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Climate News & Report: Global Microfinance Consortium Alleviate Global Poverty Through Financial Market-based Solutions--Restoring Dignity to the Poor

In the brand new issue of "Climate News & Report" (Nov 12, 2005), Elizabeth Autumn reports on the progress of commitments made at the Clinton Global Initiative which took place last September 15-17. Large corporations and organizations continue working together to solve major world problems such as poverty, in a process that empowers the productive capacity of the world’s poor. Former President Bill Clinton commends Deutsche Bank for trumping its own very generous commitment.

New York, NY, November 15, 2005 --( In the latest issue of "Climate News & Report" (Nov 12, 2005), the article "Restoring Dignity to the Poor: Global Microfinance Consortium Alleviate Global Poverty Through Financial Market-based Solutions" is published.

Autumn reports on the progress of commitments made at the Clinton Global Initiative which took place last September 15-17.

Former President Bill Clinton spoke on Thursday, November 3rd launching the Global Commercial Microfinance Consortium – a $75 millions multi-tiered commercial fund committed to alleviating poverty. The Consortium is the fulfillment of a commitment made by Deutsche Bank at the Clinton Global Initiative last September (see participant list below).

This article is important because it demonstrates how diverse groups of investors from the private and public sectors have joined together to apply their business acumen, capital and development initiatives to alleviate global poverty through financial market-based solutions. MFIs make small loans to the poor for small businesses start ups to help raise them out of poverty.  

"This initiative shows the world that microfinance is an opportunity for both social and commercial investors to produce powerful returns for their clients," Eliza Mahony Erikson, investment officer for the Calvert Foundation said.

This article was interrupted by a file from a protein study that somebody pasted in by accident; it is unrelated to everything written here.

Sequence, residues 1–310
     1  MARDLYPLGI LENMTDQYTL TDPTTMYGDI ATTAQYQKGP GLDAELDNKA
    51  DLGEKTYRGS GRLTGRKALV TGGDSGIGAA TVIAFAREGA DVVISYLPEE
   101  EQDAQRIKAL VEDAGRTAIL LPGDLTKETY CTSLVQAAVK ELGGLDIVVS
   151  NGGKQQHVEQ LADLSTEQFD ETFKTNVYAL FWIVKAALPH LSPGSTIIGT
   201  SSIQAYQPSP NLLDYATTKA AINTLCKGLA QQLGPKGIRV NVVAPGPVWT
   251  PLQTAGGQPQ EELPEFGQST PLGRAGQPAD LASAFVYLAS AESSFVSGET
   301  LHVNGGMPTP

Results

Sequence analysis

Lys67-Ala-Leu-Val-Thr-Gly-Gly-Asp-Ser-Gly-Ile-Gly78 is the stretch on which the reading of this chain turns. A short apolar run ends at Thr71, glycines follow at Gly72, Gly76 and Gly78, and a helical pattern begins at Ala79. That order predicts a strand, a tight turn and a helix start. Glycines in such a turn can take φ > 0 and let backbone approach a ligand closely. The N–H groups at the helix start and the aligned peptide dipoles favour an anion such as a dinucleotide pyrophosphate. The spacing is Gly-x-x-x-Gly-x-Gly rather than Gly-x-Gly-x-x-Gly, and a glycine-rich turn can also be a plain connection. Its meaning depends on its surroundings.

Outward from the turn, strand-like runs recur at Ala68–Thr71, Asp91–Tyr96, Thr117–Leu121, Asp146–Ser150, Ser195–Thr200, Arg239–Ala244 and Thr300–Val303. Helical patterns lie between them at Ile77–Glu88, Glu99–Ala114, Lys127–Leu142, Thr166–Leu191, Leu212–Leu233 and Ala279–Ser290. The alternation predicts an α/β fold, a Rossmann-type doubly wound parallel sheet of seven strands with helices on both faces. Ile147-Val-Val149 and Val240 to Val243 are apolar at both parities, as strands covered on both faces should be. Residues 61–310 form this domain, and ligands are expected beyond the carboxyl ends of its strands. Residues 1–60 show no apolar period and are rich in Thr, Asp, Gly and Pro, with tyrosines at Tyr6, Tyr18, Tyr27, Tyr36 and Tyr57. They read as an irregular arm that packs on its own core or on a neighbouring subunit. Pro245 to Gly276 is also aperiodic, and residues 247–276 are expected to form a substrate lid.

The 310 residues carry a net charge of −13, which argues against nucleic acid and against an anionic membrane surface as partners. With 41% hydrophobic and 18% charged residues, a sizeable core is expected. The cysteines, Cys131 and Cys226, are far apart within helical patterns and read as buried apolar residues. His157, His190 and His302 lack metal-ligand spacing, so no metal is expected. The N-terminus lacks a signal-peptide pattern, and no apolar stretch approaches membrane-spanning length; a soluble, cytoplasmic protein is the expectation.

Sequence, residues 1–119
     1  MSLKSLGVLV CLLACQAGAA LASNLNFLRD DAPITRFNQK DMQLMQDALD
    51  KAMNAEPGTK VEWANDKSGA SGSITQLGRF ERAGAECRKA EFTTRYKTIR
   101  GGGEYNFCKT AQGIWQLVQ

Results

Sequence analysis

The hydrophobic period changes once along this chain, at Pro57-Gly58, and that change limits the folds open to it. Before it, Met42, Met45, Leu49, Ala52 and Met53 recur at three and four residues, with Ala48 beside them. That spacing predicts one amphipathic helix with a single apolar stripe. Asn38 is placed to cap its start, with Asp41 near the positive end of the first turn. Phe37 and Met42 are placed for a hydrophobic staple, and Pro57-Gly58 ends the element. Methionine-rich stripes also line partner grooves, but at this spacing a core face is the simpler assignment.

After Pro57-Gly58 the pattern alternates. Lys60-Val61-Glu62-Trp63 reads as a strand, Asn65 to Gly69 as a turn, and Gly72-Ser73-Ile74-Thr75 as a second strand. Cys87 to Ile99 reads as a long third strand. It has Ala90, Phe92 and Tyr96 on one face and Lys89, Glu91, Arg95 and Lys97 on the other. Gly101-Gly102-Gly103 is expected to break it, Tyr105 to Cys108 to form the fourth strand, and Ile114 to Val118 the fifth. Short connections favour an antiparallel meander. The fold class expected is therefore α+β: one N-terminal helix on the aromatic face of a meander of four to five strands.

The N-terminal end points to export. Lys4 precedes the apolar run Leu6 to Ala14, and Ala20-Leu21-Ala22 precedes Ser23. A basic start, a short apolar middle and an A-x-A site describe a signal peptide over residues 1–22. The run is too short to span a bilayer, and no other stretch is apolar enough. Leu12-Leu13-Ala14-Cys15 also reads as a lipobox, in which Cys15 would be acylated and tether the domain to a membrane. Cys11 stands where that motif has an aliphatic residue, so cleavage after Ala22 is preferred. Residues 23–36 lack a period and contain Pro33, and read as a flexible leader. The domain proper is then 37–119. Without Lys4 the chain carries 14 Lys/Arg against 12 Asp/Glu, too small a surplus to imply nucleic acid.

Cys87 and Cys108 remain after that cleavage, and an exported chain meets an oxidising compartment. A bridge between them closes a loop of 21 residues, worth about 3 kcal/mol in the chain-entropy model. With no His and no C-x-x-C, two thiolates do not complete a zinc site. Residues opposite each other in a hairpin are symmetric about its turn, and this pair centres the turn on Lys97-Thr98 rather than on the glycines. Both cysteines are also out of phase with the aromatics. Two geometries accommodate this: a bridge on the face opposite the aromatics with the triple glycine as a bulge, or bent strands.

The fight against global poverty is a moral imperative, fundamental to the values we hold dear. Success will depend on moving beyond a framework based on charity to a model that truly empowers the productive capacity of the world’s poor where they become our partners in every sense: suppliers of our goods, consumers of our products, conveyors of important local knowledge, investors in our projects, and champions of the democratic ideals we cherish. 

President Clinton said: "If we can get enough companies, like Deutsche Bank, involved in this, we can actually lift the whole structure of the economy in a lot of poorer countries and have a profound and lasting impact on national income in a way that will help the truly poor people more than anything else." 

When businesses include this moral dimension in its strategy, setting a gold bar, their competitors will naturally follow. It is also a model that holds development financing accountable for achieving these social returns. The sessions on global poverty at the Clinton Global Initiative focused on how best to marry policies and resources with the dynamism of poor communities and the creativity of the market. Celebrities including Oprah Winfrey and Angelina Joli attended the event to lend their support. 

To view the full story: 

*** About the Global Commercial Microfinance Consortium

The Consortium is comprised of: Agence Française de Développement, AXA Group, Calvert Social Investment Foundation, CNP Assurances, Deutsche Bank, Geisse Foundation, General Board of Pension and Health Benefits of the United Methodist Church, Gray Ghost Fund, HP, Kaminer Foundation, Left Hand Foundation, Merrill Lynch (NYSE: MER), MMA, Munich Re, Rauenhorst Foundation, Standard Life, State Street Corporation, Storebrand, The Church Pension Fund, The Co-operative Bank plc, UK Department for International Development, and the US Agency for International Development. Deutsche Bank acted as lead arranger and managed the sale of the $75 million fund, utilizing the bank's industry-leading distribution to place the transaction globally. The fund, which introduces microfinance as a new asset class for investors, has a three-tranche debt and equity structure and will provide commercially structured financing for MFIs working throughout the developing world in providing credit to the self-employed poor, such as street vendors, traders, farmers and service providers. Nearly $30 million has already been committed to MFIs working in Peru, Kosovo, Nicaragua, Azerbaijan, Columbia, Pakistan, Mozambique and India.
About Elizabeth Autumn, MBA
Autumn is a freelance reporter and publishes Climate News & Report. She covers environment and corporate governance issues. Completing her Masters in Environmental Management at Harvard University, Autumn also writes for Crane’s Magazine, Create Magazine, and Publishers Weekly. Previously a freelance producer for Fox News she also worked for CBS News and the Emmy-Award winning CBS Documentary "9-11.”
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